Conclusion

How might a GP respond to Mary’s questions about cannabis-based medicinal products for her osteoarthritis? At the molecular level, endocannabinoid receptors are expressed throughout nociceptive pathways in humans and have been found in the synovium of joints affected by OA and RA. Animal models have provided some evidence of a relationship between the endocannabinoid system, pain and arthritis, the mechanism of which is unclear. There is no current published medical evidence for cannabis-based products in the treatment of OA in humans, although there may be some efficacy of Sativex® for some symptoms of RA. In all trials the duration of treatment has been short and the long-term effects, beneficial or otherwise, of cannabis-based products are not established. While acknowledging the limitations of the treatment regimen currently in place, and the negative impact of OA on Mary’s quality of life, the potential adverse effects of cannabis-based products, the lack of definitive evidence of benefit in OA and the lack of information about the long-term effects of cannabis-based medicinal products do not support a prescription at this time.

Summary

Abstract

Aim

The changing medicolegal climate regarding the medicinal use of cannabinoids in New Zealand will increase the likelihood of patients consulting general practitioners (GPs) about these products. Arthritis is a common medical condition for which cannabis-based products are promoted and used; however, doctors’ knowledge about the efficacy and safety of these products in the setting of arthritis may be limited.

Method

We undertook a rapid review of the medical literature on cannabis-based medicinal products in arthritis.

Results

Animal studies have identified endocannabinoid pathways in arthritis that are potentially amenable to interventions. One randomised placebo-controlled trial of Sativex® in adults with rheumatoid arthritis has shown some improvements in pain but not in comparison with a standardised pharmacological treatment regimen. Systematic reviews of cannabis-based products in arthritis have determined that there is currently insufficient evidence to recommend cannabis-based medicines for routine clinical use. There were five ongoing registered clinical trials of cannabis-based products in arthritis, the results of which are yet to be reported.

Conclusion

While animal models have identified possible endocannabinoid pathways in arthritis, there is no clear evidence of benefit in humans or comparative efficacy with current treatments. At this stage, there is little evidence to support GPs prescribing cannabis-based medicinal products for arthritis.

Author Information

Marthe Van den Berg, Research Intern, Medical Research Institute of New Zealand, Wellington; Mary John, Medical Research Fellow, Medical Research Institute of New Zealand, Wellington; Melissa Black, Research Coordinator, Medical Research Institute of New Zealand, Wellington; Alex Semprini, Deputy Director, Medical Research Institute of New Zealand, Wellington; Karen Oldfield, Senior Medical Research Fellow, Medical Research Institute of New Zealand, Wellington; Michelle Glass, Head of Pharmacology and Toxicology Department, University of Otago, Dunedin; Irene Braithwaite, Deputy Director, Medical Research Institute of New Zealand, Wellington.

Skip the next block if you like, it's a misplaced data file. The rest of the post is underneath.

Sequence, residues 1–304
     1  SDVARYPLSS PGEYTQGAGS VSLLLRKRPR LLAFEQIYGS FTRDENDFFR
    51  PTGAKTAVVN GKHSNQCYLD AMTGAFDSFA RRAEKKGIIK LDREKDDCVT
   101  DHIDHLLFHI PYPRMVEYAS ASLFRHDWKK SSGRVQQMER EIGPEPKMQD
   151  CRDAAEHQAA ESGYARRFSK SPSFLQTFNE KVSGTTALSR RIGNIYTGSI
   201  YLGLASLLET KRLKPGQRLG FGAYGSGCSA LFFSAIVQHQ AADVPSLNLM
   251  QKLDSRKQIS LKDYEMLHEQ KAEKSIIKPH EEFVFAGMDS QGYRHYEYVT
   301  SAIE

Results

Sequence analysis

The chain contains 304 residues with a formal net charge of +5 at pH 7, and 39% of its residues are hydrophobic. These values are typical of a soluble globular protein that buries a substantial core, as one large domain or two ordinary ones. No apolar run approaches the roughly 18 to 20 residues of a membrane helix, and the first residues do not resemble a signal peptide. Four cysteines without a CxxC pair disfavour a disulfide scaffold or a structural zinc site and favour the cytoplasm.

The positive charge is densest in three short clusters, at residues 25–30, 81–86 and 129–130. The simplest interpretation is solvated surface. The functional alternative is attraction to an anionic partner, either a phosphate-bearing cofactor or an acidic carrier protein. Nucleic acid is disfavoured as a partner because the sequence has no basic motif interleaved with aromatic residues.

Acknowledgements

Correspondence

Dr Irene Braithwaite, Medical Research Institute of New Zealand, Private Bag 7902, Wellington 6242.

Correspondence Email

irene.braithwaite@mrinz.ac.nz

Competing Interests

Prof Michelle Glass and Drs Karen Oldfield, Alex Semprini and Irene Braithwaite are members of the Medical Cannabis Research Collaborative, an impartial collaboration of academics and regulatory experts in the field of cannabis-based medicine development. The Medical Research Institute of New Zealand has undertaken research activity Helius Therapuetics, Hikurangi Enterprises and Whakaora Pharma, all of which are New Zealand-based medicinal cannabis companies. There are no other conflicts of interest to declare. The Medical Research Institute receives Independent Research Organisation funding from the Health Research Council of New Zealand.

1. Parliamentary Counsel Office. Misuse of Drugs (Medicinal Cannabis) Amendment Act 2018 No 54, Public Act – New Zealand Legislation [Internet]. 17 December 2018. 2018 [cited 2019 Jul 16]. Available from: http://www.legislation.govt.nz/act/public/2018/0054/latest/whole.html#DLM7518707

2. Stevenson FA, Kerr C, Murray E, Nazareth I. Information from the Internet and the doctor-patient relationship: The patient perspective - A qualitative study. BMC Fam Pract. 2007; 8:1–8.

3. Diaz J a., Griffith R a., Ng JJ, Reinert SE, Friedmann PD, Moulton AW. Patients’ use of the Internet for medical information (Quantitative study). J Gen Intern Med. 2002; 17:180–5.

4. Bedson J, Jordan K, Croft P. The prevalence and history of knee osteoarthritis in general practice: A case-control study. Fam Pract. 2005; 22(1):103–8.

5. Brand CA, Harrison C, Tropea J, Hinman RS, Britt H, Bennell K. Management of osteoarthritis in general practice in Australia. Arthritis Care Res. 2014; 66(4):551–8.

6. Fitzcharles MA, Häuser W. Cannabinoids in the Management of Musculoskeletal or Rheumatic Diseases. Curr Rheumatol Rep. 2016; 18(12).

7. Fitzcharles MA, Clauw DJ, Ste-Marie PA, Shir Y. The dilemma of medical marijuana use by rheumatology patients. Arthritis Care Res. 2014; 66(6):797–801.

8. Colorado Department of Public Health and Environment. Medical Marijuana Registry Program Statistics - December 2018. 2018.

9. Swift W, Gates P, Dillon P. Survey of Australians using cannabis for medical purposes. Harm Reduct J. 2005; 2:1–10.